Welcome to the world of Marvel Noir. The year is 193X, superpowers don't exist (for the most part), and nobody loves you.
Three things that you should remember: One, all the Noir
stories take place in their own universe separate from all the others. This means that Captain Logan from X-Men Noir
and Jim Logan, PI from Wolverine Noir
have nothing to do with each other. Two, I've read a good half or so of these before, so forgive me if I'm a little too familiar with the material. I'll try not to spare many details. Three, I'm pretty new at this, so naturally this is going to suck.
Alright, and here we go with X-Men Noir
We begin in the dead of night, under a large bridge. A woman has been murdered. Blimps equipped with searchlights comb the area as two detectives approach the scene. One of them, Fred J. Dukes (The Blob), is a veteran - and a very fat man. The other, Peter Magnus (Quicksilver), is a rookie, a former track star, and the son of Eric Magnus (Magneto), the Department's Chief of Detectives.
Peter asks Fred for a mint, but his request is denied. This is his first murder, and Fred's seen this movie before. They reach the scene, scoping out the "mermaid" that washed up on the shore. A uniform fills them in on the details of the body's discovery as a photographer does his stuff. The woman has an "X" tattooed on her back. As they flip the body over, Peter turns Vomiting Cop
. He'd never seen a dead body before, and this one was in poor condition. Fred gives Peter his mint now, and hopes he understands why he didn't before - after all, he would've just wasted it.
Peter gets down to business. Victim is a Caucasian female, red hair, early twenties (Jean Grey). Cause of death no doubt has something to do with the vicious wounds all over her body - cuts in even groups of three
. She's missing her eyes, her nose, and her upper lip, as well. Peter notes that nobody's writing any of this down, but Fred points out her tattoo: This is clearly the work of the X-Men.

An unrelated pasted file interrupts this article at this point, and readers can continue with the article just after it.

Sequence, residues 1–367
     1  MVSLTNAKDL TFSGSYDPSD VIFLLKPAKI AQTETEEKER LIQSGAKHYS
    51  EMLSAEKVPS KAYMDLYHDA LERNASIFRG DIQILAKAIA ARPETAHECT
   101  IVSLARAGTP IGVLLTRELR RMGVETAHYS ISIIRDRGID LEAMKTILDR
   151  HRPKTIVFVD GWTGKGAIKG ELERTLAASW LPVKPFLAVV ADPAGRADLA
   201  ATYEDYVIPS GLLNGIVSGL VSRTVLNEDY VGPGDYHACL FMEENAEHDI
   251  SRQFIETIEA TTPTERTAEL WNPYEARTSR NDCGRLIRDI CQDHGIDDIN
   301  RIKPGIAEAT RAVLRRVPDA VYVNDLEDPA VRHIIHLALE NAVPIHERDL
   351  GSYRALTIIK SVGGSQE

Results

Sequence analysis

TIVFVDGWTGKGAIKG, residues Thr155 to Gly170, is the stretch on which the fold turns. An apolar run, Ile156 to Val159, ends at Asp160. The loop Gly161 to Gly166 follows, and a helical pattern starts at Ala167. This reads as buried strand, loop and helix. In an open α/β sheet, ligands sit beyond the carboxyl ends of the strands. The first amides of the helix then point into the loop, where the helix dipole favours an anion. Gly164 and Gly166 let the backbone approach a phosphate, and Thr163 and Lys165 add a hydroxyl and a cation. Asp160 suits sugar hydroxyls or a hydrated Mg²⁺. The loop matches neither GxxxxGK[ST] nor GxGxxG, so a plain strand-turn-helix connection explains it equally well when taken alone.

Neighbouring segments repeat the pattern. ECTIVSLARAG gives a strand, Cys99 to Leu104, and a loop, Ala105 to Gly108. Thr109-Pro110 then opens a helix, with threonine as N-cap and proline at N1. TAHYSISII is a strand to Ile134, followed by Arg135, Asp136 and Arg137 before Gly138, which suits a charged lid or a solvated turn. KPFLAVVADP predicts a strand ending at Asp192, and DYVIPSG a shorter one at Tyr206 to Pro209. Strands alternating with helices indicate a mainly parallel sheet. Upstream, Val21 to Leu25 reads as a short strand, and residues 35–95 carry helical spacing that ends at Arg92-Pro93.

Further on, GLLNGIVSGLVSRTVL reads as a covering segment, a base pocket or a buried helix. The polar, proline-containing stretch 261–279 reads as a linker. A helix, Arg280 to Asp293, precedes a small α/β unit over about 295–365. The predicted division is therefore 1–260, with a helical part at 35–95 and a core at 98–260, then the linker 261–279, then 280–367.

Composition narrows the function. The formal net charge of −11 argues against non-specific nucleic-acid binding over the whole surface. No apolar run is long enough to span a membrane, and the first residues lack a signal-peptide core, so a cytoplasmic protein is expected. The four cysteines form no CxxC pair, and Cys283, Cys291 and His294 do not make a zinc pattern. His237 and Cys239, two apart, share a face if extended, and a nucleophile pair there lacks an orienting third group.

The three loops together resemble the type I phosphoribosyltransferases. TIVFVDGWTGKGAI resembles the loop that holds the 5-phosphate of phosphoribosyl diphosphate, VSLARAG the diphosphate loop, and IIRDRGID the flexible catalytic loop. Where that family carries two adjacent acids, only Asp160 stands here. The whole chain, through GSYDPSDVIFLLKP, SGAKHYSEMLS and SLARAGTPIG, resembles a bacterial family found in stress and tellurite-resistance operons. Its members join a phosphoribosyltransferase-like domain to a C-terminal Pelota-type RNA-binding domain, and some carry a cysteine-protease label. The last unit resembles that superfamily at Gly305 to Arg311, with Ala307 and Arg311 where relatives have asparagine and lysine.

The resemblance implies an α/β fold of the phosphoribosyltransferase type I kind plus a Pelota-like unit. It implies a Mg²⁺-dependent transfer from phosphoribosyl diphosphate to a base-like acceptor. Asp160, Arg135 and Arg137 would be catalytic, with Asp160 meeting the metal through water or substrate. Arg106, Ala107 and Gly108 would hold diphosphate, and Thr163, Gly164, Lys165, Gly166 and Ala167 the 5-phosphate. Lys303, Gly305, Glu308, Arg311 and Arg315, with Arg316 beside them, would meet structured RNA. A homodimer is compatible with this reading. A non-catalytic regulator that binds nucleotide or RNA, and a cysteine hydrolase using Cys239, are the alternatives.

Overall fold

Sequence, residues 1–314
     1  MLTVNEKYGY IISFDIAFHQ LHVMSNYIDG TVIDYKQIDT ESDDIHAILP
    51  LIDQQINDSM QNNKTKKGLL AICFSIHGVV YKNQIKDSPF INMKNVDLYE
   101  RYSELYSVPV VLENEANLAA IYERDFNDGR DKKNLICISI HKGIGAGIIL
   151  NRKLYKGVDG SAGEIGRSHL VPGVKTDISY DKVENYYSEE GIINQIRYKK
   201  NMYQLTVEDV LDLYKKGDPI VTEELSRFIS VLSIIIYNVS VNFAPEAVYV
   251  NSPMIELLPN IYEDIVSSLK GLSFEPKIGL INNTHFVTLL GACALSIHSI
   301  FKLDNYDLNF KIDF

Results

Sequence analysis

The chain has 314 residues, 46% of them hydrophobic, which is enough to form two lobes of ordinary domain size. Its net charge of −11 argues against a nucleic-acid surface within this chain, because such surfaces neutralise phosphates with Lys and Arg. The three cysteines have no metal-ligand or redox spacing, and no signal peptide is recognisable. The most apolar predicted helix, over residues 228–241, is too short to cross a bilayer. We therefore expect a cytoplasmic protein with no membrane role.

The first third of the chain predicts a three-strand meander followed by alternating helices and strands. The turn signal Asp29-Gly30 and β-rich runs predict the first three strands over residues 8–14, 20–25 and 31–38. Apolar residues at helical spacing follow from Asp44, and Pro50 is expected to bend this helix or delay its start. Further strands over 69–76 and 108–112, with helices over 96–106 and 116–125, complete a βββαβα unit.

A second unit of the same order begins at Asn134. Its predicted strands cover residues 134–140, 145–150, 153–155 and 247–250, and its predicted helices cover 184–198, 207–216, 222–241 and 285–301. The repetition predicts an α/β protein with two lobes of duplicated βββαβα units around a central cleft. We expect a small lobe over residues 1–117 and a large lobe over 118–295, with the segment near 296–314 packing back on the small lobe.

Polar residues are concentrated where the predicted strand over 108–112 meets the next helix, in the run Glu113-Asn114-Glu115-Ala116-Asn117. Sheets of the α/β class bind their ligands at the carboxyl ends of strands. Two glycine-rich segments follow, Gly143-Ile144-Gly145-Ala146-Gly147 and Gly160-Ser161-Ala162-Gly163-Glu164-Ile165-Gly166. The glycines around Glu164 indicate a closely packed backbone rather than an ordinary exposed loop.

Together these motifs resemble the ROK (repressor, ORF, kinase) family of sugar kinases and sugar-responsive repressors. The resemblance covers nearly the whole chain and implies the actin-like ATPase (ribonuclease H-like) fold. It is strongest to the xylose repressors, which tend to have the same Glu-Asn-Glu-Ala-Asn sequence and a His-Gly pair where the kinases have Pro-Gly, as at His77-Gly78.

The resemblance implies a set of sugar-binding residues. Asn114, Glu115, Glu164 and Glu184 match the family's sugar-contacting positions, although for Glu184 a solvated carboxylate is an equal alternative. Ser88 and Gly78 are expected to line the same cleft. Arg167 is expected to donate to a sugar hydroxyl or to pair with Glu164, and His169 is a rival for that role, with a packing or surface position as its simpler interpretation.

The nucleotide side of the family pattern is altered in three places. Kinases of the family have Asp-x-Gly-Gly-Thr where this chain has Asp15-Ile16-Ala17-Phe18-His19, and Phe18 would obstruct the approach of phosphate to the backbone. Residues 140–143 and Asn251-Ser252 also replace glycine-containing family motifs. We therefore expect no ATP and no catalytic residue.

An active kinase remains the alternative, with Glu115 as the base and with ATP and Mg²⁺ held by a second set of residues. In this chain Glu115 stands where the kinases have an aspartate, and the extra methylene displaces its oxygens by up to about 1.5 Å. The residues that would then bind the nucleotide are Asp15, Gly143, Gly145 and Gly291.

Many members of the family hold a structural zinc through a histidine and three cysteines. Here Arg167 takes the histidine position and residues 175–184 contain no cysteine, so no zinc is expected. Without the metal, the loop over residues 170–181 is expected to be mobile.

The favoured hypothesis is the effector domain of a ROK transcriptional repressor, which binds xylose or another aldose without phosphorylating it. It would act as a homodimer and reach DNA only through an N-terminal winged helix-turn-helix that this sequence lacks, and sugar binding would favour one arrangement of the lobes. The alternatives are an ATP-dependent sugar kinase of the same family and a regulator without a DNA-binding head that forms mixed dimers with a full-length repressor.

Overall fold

The uniform, Officer Kelly (Possibly a counterpart to Senator Kelly, an anti-mutant bigot), says the X-Men need to be taken care of as soon as possible. Fred points out that as a uniform, that's really more his department. He and Peter take their leave. Fred tries to make idle conversation as they take the elevator back up to the bridge, but Peter petulantly asks about the X-Men.
Fred tells him that the woman's tat indicates she did time in a reform school in Westchester run by "a real head case" named Xavier. He taught his students how to be better criminals rather than actually reforming them. That is, until one of his X-Men (Warren Worthington, the Angel) "did a really bad birdie impression off the roof". The investigation turned up Xavier's operation. He's currently sitting in Riker's while the D.A. tries to figure out what to charge him with. The X-Men vanished into the ether, turning freelance and doing jobs all over the city. Each of them has a rap sheet that puts cons twice their age to shame.
Jean was their grifter. Fred thinks it's a waste of taxpayer money to find out just which of her gangland boyfriends got tired of her first. Chief Magnus wouldn't want them worrying about it; he's a big fan of eugenics, which Fred claims to mean that the criminal element is hereditary and can't be treated so much as contained. "You can't fight city hall" is bull - what you really can't fight is nature
Yeesh. I count no fewer than four searchlight blimps dominating the skyline as we close in on the Creole Club, a happening joint for all you hip swingers out there. A songbird croons soulfully as its owner, Remy LeBeau (Gambit), takes a few questions. His inquisitor is Thomas Halloway (The Angel, a Golden Age hero who predates the X-Men and takes Worthington's place in the story). Halloway asks him about Jean Grey, and Remy shows him a photo of her in the employee's lounge with "do not give chips to this woman" written on it. Remy's caught her in his place three times, running a different scam every time. He says it's almost as if she could control men's minds.
Most audaciously, he claims he caught her running a slug. He asks Halloway if he's familiar with that term, and we get a flashback to the cell of Orville "The Gentleman" Whitwell. The Gentleman explains to a young Tommy the intricacies of the slug, which is basically a blackjack con where you bribe the dealer. Back in the present day, Halloway says he knows the trick, and Remy's impressed. Is there anything this man doesn't know? Yes: The location of the X-Men. Unfortunately, Remy doesn't know either, or he'd have his man Bishop (Lucas Bishop) show them what's what.